Mathematics has since been greatly extended, and there has been a fruitful interaction between mathematics and science, to the benefit of both. Mathematical discoveries continue to be made to this very day. According to Mikhail B. Sevryuk, in the January 2006 issue of the Bulletin of the American Mathematical Society, "The number of papers and books included in the Mathematical Reviews database since 1940 (the first year of operation of MR) is now more than 1.9 million, and more than 75 thousand items are added to the database each year. The overwhelming majority of works in this ocean contain new mathematical theorems and their proofs."[27]

• Law (mathematics)
• List of mathematical jargon
• Lists of mathematicians
• Lists of mathematics topics
• Mathematical constant
• Mathematical sciences
• Mathematics and art
• Mathematics education
• Philosophy of mathematics
• Relationship between mathematics and physics
• Science, technology, engineering, and mathematics

## References

### Citations

1. Wikipedia:Mathematics
2. (Boyer 1991, "Origins" p. 3)
3. Henahan, Sean (2002). "Art Prehistory". Science Updates. The National Health Museum. Retrieved 2006-05-06.
4. Williams, Scott W. (2005). "An Old Mathematical Object". MATHEMATICIANS OF THE AFRICAN DIASPORA. SUNY Buffalo mathematics department. Retrieved 2006-05-06.
5. Mathematics in (central) Africa before colonization
6. Thom, Alexander, and Archie Thom, 1988, "The metrology and geometry of Megalithic Man", pp 132-151 in C.L.N. Ruggles, ed., Records in Stone: Papers in memory of Alexander Thom. Cambridge Univ. Press. ISBN 0-521-33381-4.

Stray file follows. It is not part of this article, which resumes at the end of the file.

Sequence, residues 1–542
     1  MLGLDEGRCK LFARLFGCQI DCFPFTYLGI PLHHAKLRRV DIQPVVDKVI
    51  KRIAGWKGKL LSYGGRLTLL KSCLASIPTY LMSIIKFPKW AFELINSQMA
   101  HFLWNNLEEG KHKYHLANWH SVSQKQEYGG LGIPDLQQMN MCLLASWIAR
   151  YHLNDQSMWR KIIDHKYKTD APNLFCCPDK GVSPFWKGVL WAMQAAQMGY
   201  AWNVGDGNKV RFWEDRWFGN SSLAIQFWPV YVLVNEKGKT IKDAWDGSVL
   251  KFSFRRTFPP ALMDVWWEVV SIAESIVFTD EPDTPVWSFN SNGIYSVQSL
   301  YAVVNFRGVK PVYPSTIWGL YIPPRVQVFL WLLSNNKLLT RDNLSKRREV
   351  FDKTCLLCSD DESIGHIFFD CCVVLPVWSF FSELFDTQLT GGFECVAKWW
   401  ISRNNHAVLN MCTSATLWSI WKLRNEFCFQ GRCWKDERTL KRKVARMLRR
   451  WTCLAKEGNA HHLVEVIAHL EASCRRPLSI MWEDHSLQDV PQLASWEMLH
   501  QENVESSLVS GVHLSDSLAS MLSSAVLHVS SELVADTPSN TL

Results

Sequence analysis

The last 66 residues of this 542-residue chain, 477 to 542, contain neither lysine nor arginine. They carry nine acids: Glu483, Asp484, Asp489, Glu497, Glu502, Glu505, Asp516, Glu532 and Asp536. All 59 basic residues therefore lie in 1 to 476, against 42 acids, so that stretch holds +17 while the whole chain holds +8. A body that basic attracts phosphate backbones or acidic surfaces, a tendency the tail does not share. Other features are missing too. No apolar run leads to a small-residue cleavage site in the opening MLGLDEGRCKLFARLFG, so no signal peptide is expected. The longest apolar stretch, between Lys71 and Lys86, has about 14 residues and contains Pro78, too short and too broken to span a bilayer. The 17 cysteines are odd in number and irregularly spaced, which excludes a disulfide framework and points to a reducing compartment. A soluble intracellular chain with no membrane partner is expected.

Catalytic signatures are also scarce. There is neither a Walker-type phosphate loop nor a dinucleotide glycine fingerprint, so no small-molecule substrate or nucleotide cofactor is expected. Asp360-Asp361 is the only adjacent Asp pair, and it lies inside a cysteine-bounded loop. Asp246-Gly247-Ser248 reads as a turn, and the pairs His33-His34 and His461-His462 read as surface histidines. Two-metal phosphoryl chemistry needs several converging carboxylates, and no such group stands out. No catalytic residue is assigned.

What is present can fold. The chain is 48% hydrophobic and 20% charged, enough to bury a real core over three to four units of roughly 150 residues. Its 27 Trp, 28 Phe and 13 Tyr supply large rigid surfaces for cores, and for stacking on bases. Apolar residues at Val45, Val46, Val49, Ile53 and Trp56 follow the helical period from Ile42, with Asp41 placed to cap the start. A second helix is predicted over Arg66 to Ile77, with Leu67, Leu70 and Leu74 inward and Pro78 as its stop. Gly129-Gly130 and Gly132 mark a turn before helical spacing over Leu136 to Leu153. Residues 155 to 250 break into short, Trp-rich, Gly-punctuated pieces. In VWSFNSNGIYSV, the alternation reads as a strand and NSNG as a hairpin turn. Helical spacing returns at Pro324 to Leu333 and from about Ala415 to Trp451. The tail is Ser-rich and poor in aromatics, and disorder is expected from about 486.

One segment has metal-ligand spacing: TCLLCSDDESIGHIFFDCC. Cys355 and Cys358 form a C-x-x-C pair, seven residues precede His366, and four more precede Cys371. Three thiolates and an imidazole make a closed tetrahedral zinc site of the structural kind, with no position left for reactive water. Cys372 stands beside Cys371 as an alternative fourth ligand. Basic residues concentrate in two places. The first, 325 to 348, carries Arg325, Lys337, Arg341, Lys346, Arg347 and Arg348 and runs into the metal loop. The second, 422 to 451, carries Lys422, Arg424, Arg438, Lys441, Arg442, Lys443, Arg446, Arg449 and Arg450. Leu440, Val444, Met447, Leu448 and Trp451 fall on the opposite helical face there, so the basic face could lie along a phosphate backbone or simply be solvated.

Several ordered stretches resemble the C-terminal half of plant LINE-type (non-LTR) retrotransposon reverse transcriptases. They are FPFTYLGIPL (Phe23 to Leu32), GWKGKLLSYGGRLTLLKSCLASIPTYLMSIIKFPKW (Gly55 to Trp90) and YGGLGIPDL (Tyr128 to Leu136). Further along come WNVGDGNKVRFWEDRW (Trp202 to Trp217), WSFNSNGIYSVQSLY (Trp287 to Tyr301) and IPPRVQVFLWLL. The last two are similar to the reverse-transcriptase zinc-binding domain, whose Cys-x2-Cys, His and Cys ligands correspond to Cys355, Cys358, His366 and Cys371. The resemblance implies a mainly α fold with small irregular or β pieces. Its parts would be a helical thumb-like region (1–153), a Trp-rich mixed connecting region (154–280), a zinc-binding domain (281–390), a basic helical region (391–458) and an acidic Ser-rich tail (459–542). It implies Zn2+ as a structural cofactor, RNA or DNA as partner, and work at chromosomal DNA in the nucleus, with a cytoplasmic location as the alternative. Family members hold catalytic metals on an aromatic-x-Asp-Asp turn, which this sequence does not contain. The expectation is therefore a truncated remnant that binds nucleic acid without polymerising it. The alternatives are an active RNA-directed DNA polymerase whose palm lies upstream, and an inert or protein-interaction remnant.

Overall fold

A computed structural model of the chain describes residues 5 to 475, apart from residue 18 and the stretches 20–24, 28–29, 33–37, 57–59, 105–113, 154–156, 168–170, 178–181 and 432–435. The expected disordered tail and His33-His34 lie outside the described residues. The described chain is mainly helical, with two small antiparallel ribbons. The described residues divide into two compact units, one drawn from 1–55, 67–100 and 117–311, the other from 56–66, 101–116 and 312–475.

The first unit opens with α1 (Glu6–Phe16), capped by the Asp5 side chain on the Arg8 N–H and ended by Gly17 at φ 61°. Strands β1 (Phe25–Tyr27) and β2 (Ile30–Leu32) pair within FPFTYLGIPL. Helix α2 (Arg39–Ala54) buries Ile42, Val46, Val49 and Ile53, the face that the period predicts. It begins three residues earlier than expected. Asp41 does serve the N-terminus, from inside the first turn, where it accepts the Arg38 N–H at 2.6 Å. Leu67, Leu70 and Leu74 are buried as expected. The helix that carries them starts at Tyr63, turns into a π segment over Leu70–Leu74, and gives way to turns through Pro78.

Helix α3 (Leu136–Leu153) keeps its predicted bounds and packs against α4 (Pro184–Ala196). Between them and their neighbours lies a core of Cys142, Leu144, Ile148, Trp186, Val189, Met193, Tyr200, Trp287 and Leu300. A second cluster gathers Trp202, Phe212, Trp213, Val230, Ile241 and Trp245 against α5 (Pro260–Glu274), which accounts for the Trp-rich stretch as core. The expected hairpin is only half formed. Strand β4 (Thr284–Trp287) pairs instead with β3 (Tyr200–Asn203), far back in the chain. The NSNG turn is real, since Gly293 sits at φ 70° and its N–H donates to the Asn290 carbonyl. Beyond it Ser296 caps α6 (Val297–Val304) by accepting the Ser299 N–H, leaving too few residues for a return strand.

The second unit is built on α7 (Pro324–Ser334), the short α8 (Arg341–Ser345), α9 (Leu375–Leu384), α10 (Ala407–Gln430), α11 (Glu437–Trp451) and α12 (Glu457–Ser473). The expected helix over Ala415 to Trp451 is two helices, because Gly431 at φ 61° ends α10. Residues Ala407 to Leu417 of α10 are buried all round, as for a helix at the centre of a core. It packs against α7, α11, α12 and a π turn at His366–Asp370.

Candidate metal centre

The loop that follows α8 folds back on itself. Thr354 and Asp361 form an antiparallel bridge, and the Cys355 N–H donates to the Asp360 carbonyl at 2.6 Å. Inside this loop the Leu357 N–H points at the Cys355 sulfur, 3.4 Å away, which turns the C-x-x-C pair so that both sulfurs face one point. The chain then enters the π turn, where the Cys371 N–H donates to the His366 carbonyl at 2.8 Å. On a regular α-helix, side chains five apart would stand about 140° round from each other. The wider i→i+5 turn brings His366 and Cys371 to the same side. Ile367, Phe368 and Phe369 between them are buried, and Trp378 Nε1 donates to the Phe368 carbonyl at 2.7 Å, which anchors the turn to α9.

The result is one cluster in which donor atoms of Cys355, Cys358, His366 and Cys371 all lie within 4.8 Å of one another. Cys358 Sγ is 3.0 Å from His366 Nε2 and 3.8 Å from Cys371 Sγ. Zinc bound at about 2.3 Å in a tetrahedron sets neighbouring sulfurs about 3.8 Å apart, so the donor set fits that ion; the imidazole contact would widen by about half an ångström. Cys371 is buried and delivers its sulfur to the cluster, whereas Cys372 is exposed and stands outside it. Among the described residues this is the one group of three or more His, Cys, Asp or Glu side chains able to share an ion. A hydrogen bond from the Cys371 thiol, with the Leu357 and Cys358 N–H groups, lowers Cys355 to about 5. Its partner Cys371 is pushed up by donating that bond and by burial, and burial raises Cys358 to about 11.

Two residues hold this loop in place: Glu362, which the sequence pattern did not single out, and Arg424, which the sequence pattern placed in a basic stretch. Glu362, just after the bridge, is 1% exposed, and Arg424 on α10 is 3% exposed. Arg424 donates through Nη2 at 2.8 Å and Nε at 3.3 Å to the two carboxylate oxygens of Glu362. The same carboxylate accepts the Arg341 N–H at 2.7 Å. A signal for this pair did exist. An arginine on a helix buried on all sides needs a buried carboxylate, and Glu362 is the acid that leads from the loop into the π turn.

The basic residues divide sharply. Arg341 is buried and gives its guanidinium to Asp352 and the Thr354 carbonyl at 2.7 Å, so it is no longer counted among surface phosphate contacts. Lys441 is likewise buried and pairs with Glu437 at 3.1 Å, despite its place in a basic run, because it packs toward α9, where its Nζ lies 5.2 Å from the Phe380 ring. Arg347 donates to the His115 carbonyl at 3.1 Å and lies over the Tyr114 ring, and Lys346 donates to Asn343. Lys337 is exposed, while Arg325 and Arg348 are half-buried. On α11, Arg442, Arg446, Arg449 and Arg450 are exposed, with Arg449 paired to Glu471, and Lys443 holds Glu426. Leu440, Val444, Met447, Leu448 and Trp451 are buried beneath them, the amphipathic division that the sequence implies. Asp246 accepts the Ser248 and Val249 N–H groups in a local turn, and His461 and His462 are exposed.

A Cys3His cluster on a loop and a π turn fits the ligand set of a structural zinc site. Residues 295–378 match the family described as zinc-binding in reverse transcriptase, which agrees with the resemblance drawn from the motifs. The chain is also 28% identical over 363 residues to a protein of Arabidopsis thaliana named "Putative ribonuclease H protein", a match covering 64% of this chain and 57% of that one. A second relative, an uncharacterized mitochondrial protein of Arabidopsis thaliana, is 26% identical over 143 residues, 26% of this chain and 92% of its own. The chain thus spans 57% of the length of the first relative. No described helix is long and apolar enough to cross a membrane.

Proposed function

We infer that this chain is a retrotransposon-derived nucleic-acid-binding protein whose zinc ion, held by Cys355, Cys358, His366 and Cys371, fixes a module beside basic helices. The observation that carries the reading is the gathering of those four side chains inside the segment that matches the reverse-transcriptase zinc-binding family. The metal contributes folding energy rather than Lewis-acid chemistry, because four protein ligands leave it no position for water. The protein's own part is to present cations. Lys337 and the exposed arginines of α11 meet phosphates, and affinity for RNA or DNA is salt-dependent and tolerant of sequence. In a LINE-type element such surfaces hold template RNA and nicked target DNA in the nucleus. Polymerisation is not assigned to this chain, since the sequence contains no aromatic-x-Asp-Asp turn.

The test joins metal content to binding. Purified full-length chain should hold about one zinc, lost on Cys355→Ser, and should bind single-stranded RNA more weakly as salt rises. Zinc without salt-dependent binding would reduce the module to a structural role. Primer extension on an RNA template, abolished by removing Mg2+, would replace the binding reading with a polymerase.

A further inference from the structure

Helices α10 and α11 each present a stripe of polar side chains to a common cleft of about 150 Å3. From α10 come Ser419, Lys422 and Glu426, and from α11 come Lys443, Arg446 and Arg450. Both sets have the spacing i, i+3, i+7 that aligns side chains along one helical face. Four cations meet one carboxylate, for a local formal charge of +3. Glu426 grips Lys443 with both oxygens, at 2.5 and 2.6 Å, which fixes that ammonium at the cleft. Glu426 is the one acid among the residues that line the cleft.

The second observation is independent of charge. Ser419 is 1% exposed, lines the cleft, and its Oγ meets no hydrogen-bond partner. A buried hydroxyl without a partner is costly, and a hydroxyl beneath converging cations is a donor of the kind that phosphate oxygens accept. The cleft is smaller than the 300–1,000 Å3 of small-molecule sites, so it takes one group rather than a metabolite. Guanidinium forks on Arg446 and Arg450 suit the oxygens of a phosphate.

7. See, for example, Wilder, Raymond L.. Evolution of Mathematical Concepts; an Elementary Study. passim.
8. Zaslavsky, Claudia (1999). Africa Counts: Number and Pattern in African Culture.. Chicago Review Press. ISBN 978-1-61374-115-3. OCLC 843204342.
9. Kline 1990, Chapter 1.
10. Mesopotamia pg 10. Retrieved June 1, 2024
11. Boyer 1991, "Mesopotamia" pp. 24–27.
12. Mueller, I. (1969). "Euclid's Elements and the Axiomatic Method". The British Journal for the Philosophy of Science 20 (4): 289–309. doi:10.1093/bjps/20.4.289. ISSN 0007-0882. JSTOR 686258.
13. Boyer 1991, "Euclid of Alexandria" p. 119.
14. Boyer 1991, "Archimedes of Syracuse" p. 120.
15. Boyer 1991, "Archimedes of Syracuse" p. 130.
16. Boyer 1991, "Apollonius of Perga" p. 145.
17. Ore, Øystein (1988). Number Theory and Its History. Courier Corporation. pp. 19–24. ISBN 978-0-486-65620-5.
18. Singh, A. N. (January 1936). "On the Use of Series in Hindu Mathematics". Osiris 1: 606–628. doi:10.1086/368443. JSTOR 301627.
19. Kolachana, A.; Mahesh, K.; Ramasubramanian, K. (2019). "Use of series in India". Studies in Indian Mathematics and Astronomy. Sources and Studies in the History of Mathematics and Physical Sciences. Singapore: Springer. pp. 438–461. doi:10.1007/978-981-13-7326-8_20. ISBN 978-981-13-7325-1.
20. Syed, M. H. (2005). Islam and Science. Anmol Publications PVT. LTD.. pp. 71. ISBN 8-1261-1345-6.
21. Saliba, George (1994). A history of Arabic astronomy: planetary theories during the golden age of Islam. New York University Press. ISBN 978-0-8147-7962-0. OCLC 28723059.
22. O'Connor, John J.; Robertson, Edmund F., "Abu'l Hasan ibn Ali al Qalasadi", MacTutor History of Mathematics archive, University of St Andrews .
23. Faruqi, Yasmeen M. (2006). "Contributions of Islamic scholars to the scientific enterprise". International Education Journal (Shannon Research Press) 7 (4): 391–399.
24. Lorch, Richard (June 2001). "Greek-Arabic-Latin: The Transmission of Mathematical Texts in the Middle Ages". Science in Context (Cambridge University Press) 14 (1–2): 313–331. doi:10.1017/S0269889701000114.
25. Kent, Benjamin (2022). History of Science. 2. Bibliotex Digital Library. ISBN 978-1-984668-67-7.
26. Archibald, Raymond Clare (January 1949). "History of Mathematics After the Sixteenth Century". The American Mathematical Monthly. Part 2: Outline of the History of Mathematics 56 (1): 35–56. doi:10.2307/2304570. JSTOR 2304570.
27. Sevryuk 2006, pp. 101–109.